Hook and Shoot by Jeremy Brown

By Guy Bergstrom

Thriller and mystery heroes have always been tough guys — and girls.

There is no real debate, though, that the toughest fighters in the world are the practitioners of mixed-martial arts (MMA).

And there’s no disputing the fact that the fight game, in all of its forms, has always attracted gambling and a criminal element. Sumo and boxing have often been rocked by accusations of fixed fights and performance-enhancing drugs. MMA may be new, but it’s not immune from those forces, especially in the lesser known circuits where there’s less attention and scrutiny.

Jeremy Brown’s new novel, HOOK AND SHOOT, gives us modern hero, Woody, who’s knee-deep in the fight game and the murky underworld of crime.

Hook and shoot are both MMA terms. When you shoot, you dive in to grab your opponents leg (one or both) and try to take them to the ground. A hook can mean a type of punch, like a left hook, and it’s also a term from wrestling, which has underhooks and overhooks.

Brown knows what he’s writing about. He’s trained in JeetKune Do, the martial art founded by Bruce Lee, along with MMA and close-quarters combat. He also says it hurts far less to write about such things.

Without giving away the ending or any twists, what’s at stake in your novel — for the hero and for the public — if the villain wins?

In HOOK AND SHOOT, the Yakuza is trying to worm its way into Banzai Eddie’s MMA promotion company, Warrior Inc., because of a debt he owes them. When they don’t get payment in cash, they come for Eddie’s blood–all of it. Woody has finally gained momentum in the struggle to pull away from his criminal past, and a contract with Warrior might just get him over the hump.

Woody needs Banzai Eddie alive and in control of Warrior so he can get that contract and keep the promotion from becoming a crooked front for organized crime. Woody thinks it’s his own professional life he’s defending, but by protecting Eddie, Woody puts himself in the crosshairs against an enemy much more dangerous than the Yakuza, with a very personal score to settle.

What inspired you to write a thriller instead of a mystery or other type of book?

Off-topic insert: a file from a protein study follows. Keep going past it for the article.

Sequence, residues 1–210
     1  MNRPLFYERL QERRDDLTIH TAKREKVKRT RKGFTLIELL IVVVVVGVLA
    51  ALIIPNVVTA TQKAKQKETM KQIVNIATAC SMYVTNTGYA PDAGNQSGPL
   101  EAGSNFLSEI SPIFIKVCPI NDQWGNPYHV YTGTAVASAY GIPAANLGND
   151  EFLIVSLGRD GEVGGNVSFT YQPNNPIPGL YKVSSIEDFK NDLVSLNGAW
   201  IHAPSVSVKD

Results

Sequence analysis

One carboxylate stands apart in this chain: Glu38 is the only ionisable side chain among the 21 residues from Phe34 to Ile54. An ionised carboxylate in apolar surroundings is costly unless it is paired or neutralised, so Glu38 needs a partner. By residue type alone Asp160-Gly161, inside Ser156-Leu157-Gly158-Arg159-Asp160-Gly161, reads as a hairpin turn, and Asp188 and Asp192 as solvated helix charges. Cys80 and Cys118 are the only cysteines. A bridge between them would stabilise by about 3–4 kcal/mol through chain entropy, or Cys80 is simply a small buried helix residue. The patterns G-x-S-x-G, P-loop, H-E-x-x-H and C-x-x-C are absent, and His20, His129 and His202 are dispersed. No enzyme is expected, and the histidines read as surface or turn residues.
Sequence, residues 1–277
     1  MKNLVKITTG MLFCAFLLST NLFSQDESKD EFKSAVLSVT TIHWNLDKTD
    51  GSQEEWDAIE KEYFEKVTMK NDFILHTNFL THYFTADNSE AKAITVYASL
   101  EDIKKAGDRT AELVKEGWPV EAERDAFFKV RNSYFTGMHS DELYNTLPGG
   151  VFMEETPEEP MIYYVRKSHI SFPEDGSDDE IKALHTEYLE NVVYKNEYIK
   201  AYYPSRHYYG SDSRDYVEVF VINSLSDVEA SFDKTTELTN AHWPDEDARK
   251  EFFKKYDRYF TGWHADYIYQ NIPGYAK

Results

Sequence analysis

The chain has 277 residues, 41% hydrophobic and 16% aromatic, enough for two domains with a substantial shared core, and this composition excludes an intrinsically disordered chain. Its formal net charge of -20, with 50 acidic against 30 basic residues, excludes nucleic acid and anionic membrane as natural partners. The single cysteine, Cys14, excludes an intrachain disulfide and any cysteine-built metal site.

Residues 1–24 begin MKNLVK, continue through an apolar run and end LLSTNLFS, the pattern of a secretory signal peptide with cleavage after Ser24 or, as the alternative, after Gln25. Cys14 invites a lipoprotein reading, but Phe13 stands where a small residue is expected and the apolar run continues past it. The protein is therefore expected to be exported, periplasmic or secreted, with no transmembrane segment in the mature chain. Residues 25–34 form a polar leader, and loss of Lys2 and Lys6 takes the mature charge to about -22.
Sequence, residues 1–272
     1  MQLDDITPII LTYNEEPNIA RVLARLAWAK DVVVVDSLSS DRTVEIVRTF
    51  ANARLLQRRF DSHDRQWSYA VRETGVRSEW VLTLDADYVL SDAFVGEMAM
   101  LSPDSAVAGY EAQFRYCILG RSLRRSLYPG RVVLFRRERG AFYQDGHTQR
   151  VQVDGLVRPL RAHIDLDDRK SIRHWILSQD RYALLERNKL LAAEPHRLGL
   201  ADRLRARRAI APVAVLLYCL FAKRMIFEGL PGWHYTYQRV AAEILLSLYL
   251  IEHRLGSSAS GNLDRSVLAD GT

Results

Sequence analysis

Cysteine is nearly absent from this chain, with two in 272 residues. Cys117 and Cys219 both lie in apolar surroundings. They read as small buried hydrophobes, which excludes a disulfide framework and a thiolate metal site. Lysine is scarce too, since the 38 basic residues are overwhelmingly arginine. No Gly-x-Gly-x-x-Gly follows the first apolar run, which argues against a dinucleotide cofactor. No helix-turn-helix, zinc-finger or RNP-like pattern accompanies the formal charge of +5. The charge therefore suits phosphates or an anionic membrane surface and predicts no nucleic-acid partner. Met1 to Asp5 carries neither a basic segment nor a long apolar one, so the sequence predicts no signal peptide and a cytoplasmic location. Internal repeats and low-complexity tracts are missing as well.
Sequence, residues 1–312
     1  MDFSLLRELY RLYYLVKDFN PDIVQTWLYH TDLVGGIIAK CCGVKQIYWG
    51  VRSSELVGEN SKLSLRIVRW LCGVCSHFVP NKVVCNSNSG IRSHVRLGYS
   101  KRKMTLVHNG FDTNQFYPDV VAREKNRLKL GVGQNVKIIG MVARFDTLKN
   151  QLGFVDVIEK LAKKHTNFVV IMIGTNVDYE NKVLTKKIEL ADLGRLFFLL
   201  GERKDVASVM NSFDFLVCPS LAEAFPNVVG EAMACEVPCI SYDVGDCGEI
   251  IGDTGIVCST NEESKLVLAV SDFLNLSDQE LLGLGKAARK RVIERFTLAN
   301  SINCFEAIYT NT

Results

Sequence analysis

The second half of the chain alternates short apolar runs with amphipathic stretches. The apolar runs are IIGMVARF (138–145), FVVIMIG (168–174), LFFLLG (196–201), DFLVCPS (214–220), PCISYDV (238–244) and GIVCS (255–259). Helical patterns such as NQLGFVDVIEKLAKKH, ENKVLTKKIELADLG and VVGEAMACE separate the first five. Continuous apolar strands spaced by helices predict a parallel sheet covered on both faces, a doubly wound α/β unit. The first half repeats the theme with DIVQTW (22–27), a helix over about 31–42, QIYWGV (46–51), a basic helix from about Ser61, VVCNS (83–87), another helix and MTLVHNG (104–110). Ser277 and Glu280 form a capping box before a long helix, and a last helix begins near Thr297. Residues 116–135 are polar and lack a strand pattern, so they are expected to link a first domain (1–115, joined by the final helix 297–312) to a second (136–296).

The original manuscript for SUCKERPUNCH (Round 1 of the Woodshed Wallace series) was actually much closer to a mystery, with Woody getting sucked into helping a woman recover her kidnapped son. When I rewrote it to feature more MMA, it made sense that Woody’s primary talent should be survival, not sleuthing.

He uses his connections in the criminal underworld to get answers and resolve conflicts (not always peacefully), but the ultimate goal is to survive, not solve a mystery.

I like that this is the only question Woody really cares about: Is this a threat to me or those I love? If the answer is Yes, his response is to eliminate the threat. No room for mystery there.

What do you think thrillers have to say about the old literary question of what’s worth living for and what’s worth dying for?

There’s a song by Queens of the Stone Age titled “Go with the Flow” with these lyrics:

“I want something good to die for to make it beautiful to live.”

I think thrillers boil it down to what a character feels is worth fighting for, and the ultimate in that category is that which they cannot live without.

We talked earlier about stakes, and if the character is in a situation where she could lose something she can’t live without, she’ll fight to the death to keep it safe. Because if she loses it, she’s dead anyway.

Figuratively, the character could fight for anything–a loved one, a concept (freedom, justice), defenseless masses. In this case, the character would rather die than fail. The thrill comes when she risks her life to succeed.

I usually prefer to write about it in the literal sense, where the character is fighting against someone or something that is trying to kill him, along with any hopes or goals he may have. I find the conflict and urgency much more satisfying.

Who are your favorite authors, regardless of genre?

Elmore Leonard, Steven Pressfield, Seth Godin, Jack Higgins, Bernard Cornwell, JJ Connolly

Obviously, you’ve got a similar background to the hero. In what ways are you different?

Ha! I don’t know how similar we are–I hadn’t been to Las Vegas as an adult until I vacationed there with my wife and some friends last spring.

I’ve also never been in an illegal pit fight or worked as muscle in seedy clubs protecting scumbags, and Woody didn’t grow up with great parents in Michigan, playing with GI Joe and watching professional wrestling and The Cosby Show.

I have done some martial arts and MMA-specific training, but I’ve never competed. It takes a different kind of animal to commit to that path, and I’m happy telling Woody’s stories from a life that is nowhere close to his.

Sequels — what hints and teases can you give out?

I just finished the synopsis for ANACONDA CHOKE, Round 3 in the Woodshed Wallace series,  and I’ll get to work on the manuscript soon.

From the beginning this was planned as a five-book series, the same number of rounds in a championship MMA fight. Woody has plenty more fights ahead of him!

*****

Jeremy Brown is the author of the Crime Files: Four-Minute Forensic Mysteries books and the MMA crime thriller Suckerpunch. He has trained in Jeet Kune Do, MMA, and close-quarters combat and quickly realized it hurts less to write about such things. He lives in Michigan.

To learn more about Jeremy, please visit his website.

Guy Bergstrom

Guy Bergstrom is a speechwriter and award-winning journalist. He wrote a thriller (FREEDOM, ALASKA) that won an award at PNWA 2013 and can be found on twitter @speechwriterguy or at his blog, redpenofdoom.com.

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